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I would like to compile a series of blog posts that each relates to a particular action that will have a profound impact on the world or at least the society we live in. I can only think of a couple so I am turning to you for help.

Think of an action that can have serious impact and let me know in the comments and maybe I, Tom or Roger, might take it on. If you would like to compile it into a 400-600 article, you are invited to guest post it here on Left Coast Voices. Let me know at alshalev at yahoo dot com. I’m happy to edit, provide the pictures etc.

There is a famous Jewish proverb (Rabbi Tarfon I believe): You are not obligated to finish the task, but neither are you free to desist from it.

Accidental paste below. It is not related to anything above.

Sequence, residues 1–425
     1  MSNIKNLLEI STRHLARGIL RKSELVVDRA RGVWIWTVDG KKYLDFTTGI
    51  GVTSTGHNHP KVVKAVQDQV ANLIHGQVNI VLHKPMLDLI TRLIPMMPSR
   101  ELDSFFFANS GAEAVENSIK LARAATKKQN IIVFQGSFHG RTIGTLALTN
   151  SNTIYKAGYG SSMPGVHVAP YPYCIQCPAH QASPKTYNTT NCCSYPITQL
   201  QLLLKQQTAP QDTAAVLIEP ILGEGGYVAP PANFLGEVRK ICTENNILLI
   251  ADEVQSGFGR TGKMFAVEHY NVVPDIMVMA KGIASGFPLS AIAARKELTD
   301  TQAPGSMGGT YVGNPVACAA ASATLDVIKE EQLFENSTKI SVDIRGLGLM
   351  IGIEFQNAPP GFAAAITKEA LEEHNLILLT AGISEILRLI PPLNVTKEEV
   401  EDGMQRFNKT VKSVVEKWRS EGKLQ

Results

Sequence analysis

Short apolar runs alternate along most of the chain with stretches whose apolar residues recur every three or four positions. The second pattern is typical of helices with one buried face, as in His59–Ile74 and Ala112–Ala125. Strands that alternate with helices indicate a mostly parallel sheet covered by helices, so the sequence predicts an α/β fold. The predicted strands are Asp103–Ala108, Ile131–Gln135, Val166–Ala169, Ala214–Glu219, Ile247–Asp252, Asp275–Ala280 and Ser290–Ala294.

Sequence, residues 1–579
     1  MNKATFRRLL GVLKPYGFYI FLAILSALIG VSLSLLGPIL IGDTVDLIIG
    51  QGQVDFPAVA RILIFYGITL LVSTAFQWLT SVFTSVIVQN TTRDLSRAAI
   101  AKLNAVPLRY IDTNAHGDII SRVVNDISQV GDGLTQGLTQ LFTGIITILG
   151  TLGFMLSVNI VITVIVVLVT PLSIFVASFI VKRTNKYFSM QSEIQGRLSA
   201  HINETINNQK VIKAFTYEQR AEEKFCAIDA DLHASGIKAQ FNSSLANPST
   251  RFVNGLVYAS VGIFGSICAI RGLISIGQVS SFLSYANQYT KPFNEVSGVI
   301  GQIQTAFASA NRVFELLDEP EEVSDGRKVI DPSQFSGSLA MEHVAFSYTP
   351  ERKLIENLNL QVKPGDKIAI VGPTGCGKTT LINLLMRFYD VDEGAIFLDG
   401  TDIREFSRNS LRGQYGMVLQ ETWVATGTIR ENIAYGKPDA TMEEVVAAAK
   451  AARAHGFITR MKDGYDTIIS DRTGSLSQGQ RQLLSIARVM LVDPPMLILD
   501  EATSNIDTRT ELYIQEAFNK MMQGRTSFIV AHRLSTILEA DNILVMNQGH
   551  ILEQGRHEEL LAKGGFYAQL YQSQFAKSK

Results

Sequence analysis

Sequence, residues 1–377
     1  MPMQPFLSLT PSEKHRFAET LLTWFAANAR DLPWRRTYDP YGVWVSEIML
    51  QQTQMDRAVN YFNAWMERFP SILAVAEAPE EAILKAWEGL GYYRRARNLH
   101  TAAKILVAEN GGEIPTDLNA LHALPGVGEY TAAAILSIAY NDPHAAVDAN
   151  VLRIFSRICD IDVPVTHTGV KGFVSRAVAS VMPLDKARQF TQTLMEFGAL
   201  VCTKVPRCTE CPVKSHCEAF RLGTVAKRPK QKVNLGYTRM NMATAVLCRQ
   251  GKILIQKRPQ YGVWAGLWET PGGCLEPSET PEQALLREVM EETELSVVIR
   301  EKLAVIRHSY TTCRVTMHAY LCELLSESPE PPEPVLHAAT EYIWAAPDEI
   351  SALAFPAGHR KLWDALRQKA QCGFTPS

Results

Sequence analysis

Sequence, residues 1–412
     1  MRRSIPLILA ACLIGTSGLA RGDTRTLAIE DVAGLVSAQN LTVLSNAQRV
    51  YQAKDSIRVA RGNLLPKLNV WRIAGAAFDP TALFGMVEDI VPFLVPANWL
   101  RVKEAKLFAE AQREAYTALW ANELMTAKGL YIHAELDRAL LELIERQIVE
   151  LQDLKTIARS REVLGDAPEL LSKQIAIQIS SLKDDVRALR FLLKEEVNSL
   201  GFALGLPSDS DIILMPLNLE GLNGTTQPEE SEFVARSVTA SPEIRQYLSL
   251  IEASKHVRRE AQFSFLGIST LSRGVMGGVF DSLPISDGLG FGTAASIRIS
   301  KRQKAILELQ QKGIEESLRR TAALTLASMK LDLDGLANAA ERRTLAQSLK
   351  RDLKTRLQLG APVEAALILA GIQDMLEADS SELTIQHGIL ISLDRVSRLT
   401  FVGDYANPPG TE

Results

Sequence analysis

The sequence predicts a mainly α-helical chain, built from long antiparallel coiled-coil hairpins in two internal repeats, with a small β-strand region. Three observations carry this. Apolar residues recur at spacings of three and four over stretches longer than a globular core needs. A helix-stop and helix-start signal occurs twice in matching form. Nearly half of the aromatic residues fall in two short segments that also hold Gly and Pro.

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Alon Shalev writes social justice-themed novels and YA epic fantasy. He swears there is a connection. His latest books include: Unwanted Heroes and the 2013 Eric Hoffer Book Award for YA – At The Walls Of Galbrieth. Alon tweets at @alonshalevsf and @elfwriter. For more about the author, check out his website.

Morsi and Obama: A Tale of Two Presidents

I recently drove past a demonstration outside the Federal building in Los Angeles. A red stoplight had my car idling next to maybe fifty Egyptians and their allies. They were supportive of the army’s ouster of President Morsi and the Muslim Brotherhood. Their signs showed their anger with President Obama who has called on the army to honor the democratic process.